Skies are falling?

by | Mar 28, 2016 | Featured, Uncategorized

Things were not quite of this world on campus last week, as students participated in a live mega-game called “Watch the Skies.” The premise? How does humanity react to the revelation of intelligent alien life? More specifically, alien life that wants to destroy humanity, though the players don’t know that.

The exact method of destruction can change with each game. In this run, the extra-terrestrial opponents had a goal of push-ing humanity to destroy itself, utilizing subterfuge, cunning and technological advantages to reach its goal.

Humanity’s salvation? Why, nuclear disarmament, of course, with the in-game UN even securing much-maligned Russia’s co-operation in the accord. We could not confirm if players were purposefully attempting to imitate national stereotypes, though in-game press releases certainly gave that impression.

Yet it was Russia who was ultimately this game’s salvation of humanity. The alien plan involved exploiting the country’s repu-tation as the scapegoat to start a global conflict and ensure the self-annihilation of the human race. The crux of the plan revolved around the assumption that – of all countries – Russia must have kept a secret stockpile of nuclear weapons. Yet at the end of the game, it was revealed that the Russian team was the only truly honest country, as the only country to not have kept a secret stockpile of weapons of mass destruction.

It could be said the alien invaders bet on the wrong horse in this game. Yet this is one of the key aspects of the game’s design; humanity is unpredictable. A combination of nation-teams, the aliens, and non-player media to impact the course and progression of the game make this not only fun, but educational in exploring interactions between groups.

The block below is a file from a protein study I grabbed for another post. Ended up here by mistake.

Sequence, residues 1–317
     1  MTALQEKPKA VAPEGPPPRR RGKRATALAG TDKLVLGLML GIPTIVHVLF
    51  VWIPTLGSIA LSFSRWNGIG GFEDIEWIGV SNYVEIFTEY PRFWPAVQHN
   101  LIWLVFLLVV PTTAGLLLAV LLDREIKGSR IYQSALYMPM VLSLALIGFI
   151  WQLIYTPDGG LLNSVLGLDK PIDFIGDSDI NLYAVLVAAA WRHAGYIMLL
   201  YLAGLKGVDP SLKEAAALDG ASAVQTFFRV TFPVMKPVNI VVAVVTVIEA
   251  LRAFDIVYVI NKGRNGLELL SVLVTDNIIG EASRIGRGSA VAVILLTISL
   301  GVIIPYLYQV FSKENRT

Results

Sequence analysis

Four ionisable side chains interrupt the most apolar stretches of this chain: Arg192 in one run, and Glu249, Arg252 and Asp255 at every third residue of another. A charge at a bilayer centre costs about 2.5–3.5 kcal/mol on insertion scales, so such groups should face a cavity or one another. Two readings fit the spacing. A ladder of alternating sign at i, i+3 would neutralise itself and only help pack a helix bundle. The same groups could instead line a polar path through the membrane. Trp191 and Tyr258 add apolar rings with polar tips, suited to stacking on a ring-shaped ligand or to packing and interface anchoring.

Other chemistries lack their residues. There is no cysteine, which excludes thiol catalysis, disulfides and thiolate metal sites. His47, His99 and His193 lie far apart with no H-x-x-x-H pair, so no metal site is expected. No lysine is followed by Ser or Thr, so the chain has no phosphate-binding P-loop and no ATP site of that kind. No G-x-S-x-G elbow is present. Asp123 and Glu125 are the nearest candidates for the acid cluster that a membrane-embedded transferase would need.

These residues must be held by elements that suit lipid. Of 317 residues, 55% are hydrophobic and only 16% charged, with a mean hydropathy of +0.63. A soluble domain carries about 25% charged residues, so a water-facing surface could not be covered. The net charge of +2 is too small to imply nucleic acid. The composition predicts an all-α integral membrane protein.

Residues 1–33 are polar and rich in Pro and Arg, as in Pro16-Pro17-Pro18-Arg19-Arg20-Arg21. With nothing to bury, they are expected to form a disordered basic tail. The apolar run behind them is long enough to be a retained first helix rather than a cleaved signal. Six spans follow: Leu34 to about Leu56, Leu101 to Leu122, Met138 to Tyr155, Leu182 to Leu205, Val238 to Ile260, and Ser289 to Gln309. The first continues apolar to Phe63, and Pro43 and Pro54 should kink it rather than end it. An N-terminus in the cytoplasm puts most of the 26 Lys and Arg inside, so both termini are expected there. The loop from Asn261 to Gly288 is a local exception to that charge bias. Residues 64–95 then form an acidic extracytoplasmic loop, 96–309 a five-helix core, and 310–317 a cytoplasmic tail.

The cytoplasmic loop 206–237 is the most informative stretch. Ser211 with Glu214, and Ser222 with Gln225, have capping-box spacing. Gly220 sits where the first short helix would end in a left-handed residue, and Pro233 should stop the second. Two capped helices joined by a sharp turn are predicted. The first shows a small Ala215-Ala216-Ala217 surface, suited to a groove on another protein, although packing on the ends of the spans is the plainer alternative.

The end-game summary reads;

“At the end of the game, the forces of humanity were shocked to discover that the great nation of Russia, which had been so badly maligned in the world press and at the negotiation tables of the world, was in fact completely innocent. The Alien invaders, in an attempt to have us wipe ourselves off the map, had suborned national communication lines in order to send consistent and false messages about the dangers posed by Russia. This alien force was forced to abandon its mission with the heroic Russian destruction of their moon bases, and the arrival of the flagship of the Commission for Galactic Oversight, which explained to humanity that the other aliens were in fact breaking numerous interstellar laws. A galactic wide pledge drive was being raised to help the poor, long suffering humans, and with the on the ground assistance of Japan, who had mastered alien energy technology (sorry about all those nuclear meltdowns) humanity was to enter into a golden age of peace and prosperity.”

The NAIT game run featured teams of four people representing five major countries; Japan, Russia, France, the U.K. and the U.S. Four students took on the role of the aliens and three students took on the role of the media as non-player entities. Country teams were able to research new technologies and take all the actions we would expect from a world-level simulation game.

The added bonus? The interactive non-player role that participants could take on as the media, influencing gameplay almost at will through turn-based press releases.

Any group can organize a Watch the Skies game run with enough people. You can find more information on this mega-game at We promise it’s not a conspiracy website.

Nicolas Brown, Issues Editor

Image by Michael MacComb

Latest Issue